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Here, we take a different approach for brain-computer interfaces that augments traditional input devices such as the mouse and keyboard and that targets a wider group of users. We use brain sensor data as a passive, implicit input channel that expands the bandwidth between the human and computer by providing extra information about the user.

The Brainput system learns to identify brain activity patterns occurring during multitasking. It provides a continuous, supplemental input stream to an interactive human-robot system, which uses this information to modify its behavior to better support multitasking. We demonstrate that we can use non-invasive methods to detect signals coming from the brain that users naturally and effortlessly generate while using a computer system. If used with care, this additional information can lead to systems that respond appropriately to changes in the user's state. Our experimental study shows that  Brainput significantly improves several performance metrics, as well as the subjective NASA-Task Load Index scores in a dual task human-robot activity.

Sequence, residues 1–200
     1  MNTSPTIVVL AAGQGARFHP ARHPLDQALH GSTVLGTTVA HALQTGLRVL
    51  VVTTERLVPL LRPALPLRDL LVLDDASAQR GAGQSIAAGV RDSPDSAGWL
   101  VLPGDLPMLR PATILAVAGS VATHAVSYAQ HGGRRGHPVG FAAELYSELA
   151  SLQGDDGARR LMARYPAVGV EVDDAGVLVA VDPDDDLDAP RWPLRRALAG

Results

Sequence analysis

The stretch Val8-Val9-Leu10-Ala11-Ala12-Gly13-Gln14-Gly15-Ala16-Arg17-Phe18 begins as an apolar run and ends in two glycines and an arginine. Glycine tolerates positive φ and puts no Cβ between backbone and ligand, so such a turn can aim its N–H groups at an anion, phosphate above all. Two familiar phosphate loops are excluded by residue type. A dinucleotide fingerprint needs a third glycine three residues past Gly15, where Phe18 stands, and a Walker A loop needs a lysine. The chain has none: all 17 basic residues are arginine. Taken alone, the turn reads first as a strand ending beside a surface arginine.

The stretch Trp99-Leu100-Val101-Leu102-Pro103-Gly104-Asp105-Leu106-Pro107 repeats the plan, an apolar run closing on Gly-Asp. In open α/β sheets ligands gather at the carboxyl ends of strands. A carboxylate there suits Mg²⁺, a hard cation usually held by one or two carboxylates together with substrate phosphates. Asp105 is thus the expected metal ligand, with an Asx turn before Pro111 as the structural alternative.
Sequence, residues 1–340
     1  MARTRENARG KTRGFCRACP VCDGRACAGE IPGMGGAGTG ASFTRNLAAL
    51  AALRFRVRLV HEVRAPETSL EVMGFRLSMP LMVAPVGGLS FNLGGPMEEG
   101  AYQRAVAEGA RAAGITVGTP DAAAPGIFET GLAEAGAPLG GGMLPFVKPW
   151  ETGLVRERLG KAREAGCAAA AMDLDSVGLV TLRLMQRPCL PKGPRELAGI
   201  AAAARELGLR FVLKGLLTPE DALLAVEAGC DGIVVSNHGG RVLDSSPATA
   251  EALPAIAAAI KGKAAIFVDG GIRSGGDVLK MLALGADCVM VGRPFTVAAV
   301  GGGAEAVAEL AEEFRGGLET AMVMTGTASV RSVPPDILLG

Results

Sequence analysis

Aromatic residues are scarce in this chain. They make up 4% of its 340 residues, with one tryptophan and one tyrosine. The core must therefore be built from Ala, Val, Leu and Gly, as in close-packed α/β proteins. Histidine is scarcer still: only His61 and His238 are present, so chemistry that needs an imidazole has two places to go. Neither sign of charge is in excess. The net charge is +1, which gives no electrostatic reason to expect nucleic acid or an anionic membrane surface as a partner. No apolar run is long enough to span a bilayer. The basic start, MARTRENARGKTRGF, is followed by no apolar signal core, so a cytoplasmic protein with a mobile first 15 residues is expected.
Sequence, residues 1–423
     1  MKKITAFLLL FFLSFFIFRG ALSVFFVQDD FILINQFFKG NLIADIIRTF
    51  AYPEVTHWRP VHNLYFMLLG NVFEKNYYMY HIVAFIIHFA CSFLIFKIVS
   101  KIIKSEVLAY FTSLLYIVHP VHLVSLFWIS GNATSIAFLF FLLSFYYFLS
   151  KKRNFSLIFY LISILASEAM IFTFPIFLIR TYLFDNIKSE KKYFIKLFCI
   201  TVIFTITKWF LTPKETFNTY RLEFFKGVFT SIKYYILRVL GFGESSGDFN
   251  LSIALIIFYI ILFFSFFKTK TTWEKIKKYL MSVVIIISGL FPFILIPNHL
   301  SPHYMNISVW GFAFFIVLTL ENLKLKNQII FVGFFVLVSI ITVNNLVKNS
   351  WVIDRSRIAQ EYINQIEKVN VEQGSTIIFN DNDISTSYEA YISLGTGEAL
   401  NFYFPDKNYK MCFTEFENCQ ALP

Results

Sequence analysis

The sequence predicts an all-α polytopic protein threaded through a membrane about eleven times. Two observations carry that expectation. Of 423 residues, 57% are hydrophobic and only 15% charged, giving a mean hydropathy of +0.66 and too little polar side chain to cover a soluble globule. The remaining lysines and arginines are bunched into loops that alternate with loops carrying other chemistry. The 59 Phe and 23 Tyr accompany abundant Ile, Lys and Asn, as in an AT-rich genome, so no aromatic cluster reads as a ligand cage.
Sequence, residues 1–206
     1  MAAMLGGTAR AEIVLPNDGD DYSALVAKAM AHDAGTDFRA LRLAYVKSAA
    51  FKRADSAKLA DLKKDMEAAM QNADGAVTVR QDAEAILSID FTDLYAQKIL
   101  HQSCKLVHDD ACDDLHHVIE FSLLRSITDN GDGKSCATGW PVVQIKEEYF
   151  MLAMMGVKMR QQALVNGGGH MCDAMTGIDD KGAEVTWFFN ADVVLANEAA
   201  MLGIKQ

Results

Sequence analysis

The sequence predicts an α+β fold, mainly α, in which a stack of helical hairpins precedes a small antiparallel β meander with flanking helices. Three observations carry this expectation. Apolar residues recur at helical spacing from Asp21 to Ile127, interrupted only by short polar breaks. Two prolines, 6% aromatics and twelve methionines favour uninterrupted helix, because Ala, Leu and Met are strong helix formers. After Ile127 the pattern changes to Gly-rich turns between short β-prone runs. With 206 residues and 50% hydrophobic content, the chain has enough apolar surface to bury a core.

Related Publications
  • E.T. Solovey, P. Schermerhorn, M. Scheutz, A. Sassaroli, S. Fantini, R.J.K. Jacob, Brainput: Enhancing Interactive Systems with Streaming fNIRS Brain Input, Proc. ACM Conference on Human Factors in Computing Systems CHI’12, ACM Press (2012). Best Paper Nominee. [Acceptance Rate: 5%] [link]
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